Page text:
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Matteau#32

Stanley Cup Finals historical data

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I know there are some guys on here who are really into the numbers and things like Corsi and Fenwick.  Thought you might find this info interesting that I compiled for a class I took last year.

 

Professor gave us a list of about 150 different ideas for a project, one of which involved the Stanley Cup Finals. So, choose it. Found some interesting results. Note: This was done last April, so last year's Chicago-Boston Final is not included.

Best of 7 for the finals started in 1939. Since then, their have been 20 sweeps, 17 times it has ended in 5, 20 times in 6 and 16 times in 7.

From 95-98, we had 4 straight sweeps, but since 99 only once has a series not gone 6 or 7 games (2007 Anaheim beat Ottawa in 5). 

From 71-2000, the series lasted 7 games only 3 times (71, 87, 94). Since 2001, 6 of 11 have gone 7 games.

Looked at the teams, but for this we didn't count 1995 (no, not because the Devils won) since the teams played completely different schedules. The team with more points in the regular season has won 54 times out of 70. Twice (75 and 92) the teams had the same amount of points, but in both cases the team that held the tie-breaker and thus home-ice advantage won the series.

Since 87 (again not including 95), the team with home-ice has won 18 out of 23 times.

The team with home-ice has LOST 3 of the last 4, but the same thing happened from 83-86. From 87-2008, the team with home-ice has won all but 2 (90 and 97).

So, if you want to place a wager based on history, take the team with home-ice if you are laying odds of 3.375-to-1 or less. Take the other team if you are GETTING odds of 3.375 to 1 or better. 

Also compared Points Percentage of each team (# of points earned in regular season divided by number of possible points). Most likely to see an upset if there is a difference of 5-9.99%. 13 times there has been an upset when the difference is less than 10%. Only 3 when the difference was greater than 10%, did the underdog win. One was 1980, and the other 2 were during the Original 6 days.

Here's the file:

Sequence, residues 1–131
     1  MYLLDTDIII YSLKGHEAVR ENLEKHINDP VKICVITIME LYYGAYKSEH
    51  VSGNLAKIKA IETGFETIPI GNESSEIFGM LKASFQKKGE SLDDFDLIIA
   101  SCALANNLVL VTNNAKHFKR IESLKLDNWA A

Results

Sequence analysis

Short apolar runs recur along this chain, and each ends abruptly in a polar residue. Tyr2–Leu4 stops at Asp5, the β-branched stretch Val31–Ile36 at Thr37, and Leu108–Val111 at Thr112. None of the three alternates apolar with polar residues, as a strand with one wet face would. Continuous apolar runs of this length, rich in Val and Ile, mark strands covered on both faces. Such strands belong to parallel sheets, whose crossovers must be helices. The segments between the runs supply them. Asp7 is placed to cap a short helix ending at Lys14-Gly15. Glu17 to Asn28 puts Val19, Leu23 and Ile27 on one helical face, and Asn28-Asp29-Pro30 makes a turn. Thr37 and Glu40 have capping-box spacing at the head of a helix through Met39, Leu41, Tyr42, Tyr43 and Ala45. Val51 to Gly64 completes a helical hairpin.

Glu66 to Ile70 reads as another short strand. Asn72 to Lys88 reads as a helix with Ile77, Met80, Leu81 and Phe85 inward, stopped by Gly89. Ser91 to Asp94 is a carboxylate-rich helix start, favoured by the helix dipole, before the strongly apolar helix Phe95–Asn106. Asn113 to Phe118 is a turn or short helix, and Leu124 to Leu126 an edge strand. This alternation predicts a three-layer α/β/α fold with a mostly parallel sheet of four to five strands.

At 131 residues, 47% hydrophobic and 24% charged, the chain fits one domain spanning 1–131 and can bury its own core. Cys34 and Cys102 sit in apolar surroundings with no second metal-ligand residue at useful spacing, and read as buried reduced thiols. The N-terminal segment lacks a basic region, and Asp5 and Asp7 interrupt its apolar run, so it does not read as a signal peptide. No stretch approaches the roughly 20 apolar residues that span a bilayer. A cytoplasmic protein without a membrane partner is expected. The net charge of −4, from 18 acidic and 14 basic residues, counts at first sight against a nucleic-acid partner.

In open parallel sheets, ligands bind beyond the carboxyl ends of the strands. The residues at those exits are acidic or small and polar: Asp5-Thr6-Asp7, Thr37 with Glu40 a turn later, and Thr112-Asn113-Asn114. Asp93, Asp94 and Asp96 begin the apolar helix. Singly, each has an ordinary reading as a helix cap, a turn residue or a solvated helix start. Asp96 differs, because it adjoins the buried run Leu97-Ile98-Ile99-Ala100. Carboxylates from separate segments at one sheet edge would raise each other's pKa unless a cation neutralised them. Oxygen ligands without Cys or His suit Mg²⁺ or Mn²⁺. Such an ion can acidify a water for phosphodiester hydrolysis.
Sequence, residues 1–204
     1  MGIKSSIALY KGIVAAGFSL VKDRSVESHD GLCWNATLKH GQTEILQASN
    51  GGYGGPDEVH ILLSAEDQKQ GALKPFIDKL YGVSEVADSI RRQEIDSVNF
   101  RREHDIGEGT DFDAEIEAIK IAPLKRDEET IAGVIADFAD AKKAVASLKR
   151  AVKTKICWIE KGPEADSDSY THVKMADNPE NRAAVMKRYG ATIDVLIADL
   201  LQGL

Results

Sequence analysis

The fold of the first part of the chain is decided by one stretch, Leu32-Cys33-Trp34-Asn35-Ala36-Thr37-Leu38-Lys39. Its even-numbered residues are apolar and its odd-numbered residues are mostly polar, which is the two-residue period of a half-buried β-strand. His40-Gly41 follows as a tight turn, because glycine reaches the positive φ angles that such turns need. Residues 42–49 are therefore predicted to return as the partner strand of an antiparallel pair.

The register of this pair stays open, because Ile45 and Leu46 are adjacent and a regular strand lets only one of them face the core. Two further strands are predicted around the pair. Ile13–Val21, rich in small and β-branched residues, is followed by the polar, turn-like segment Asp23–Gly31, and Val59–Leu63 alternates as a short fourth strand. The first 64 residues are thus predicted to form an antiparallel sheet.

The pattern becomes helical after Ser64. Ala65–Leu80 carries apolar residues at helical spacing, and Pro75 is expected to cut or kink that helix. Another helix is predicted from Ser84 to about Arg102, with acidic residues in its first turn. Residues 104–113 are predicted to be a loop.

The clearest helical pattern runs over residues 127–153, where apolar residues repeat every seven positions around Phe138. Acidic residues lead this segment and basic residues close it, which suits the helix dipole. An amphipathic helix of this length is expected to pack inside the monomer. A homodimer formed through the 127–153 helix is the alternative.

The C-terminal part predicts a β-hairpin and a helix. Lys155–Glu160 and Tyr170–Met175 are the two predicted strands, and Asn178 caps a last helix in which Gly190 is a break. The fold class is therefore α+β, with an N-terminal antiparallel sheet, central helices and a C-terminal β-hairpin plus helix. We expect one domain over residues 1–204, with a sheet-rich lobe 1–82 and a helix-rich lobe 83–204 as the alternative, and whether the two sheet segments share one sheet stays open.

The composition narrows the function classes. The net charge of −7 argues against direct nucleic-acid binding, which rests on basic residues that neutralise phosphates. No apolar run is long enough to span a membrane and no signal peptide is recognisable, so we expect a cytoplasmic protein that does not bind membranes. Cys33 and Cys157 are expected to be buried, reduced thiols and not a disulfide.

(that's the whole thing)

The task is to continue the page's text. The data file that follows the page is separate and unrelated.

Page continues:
Quickly looked at play-offs. Since 87 when the first round went best-of-7, no team has ever won the Cup if they lost more than 6 games in the first 3 rounds combined. Only 4 times a team got to the Finals if they lost 7 games in the first 3 rounds (all 4 teams lost in the Finals). Nobody has ever got to the finals if they lost 8 or 9. If the Kings and/or Rangers win they will be the first to get to the finals after losing 8 (or 9). If the Rangers beat Montreal, we will also be guaranteed to have a team win the Cup after losing 7 or more.

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I think because the strike shortened season threw the evalution numbers for determining Reg season points.

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Yeah, like last year there was no inter-conference games.  Was like old school AL and NL.  The idea was that the better record was the better team, but if they are in different leagues doesn't really make sense.  Thing that really surprised me was 54 out of 70 for the team with home-ice.  55 out of 72 if you count 95 and 2013.

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Would love to know Cup results based on rests between CF and SCF.

Wouldn't be hard to do as hockey-reference.com has the dates for every play-off game.  Collecting the data would be a VERY tedious process.

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Would love to know Cup results based on rests between CF and SCF.

 

Historically, I think a lot of rest hasn't been good. The Kings were fine in 2012 and the Ducks were not in 2003. The better team won both finals. I don't think there is enough data to take anything meaningful from it, anyway.

Edited by devilsrule33

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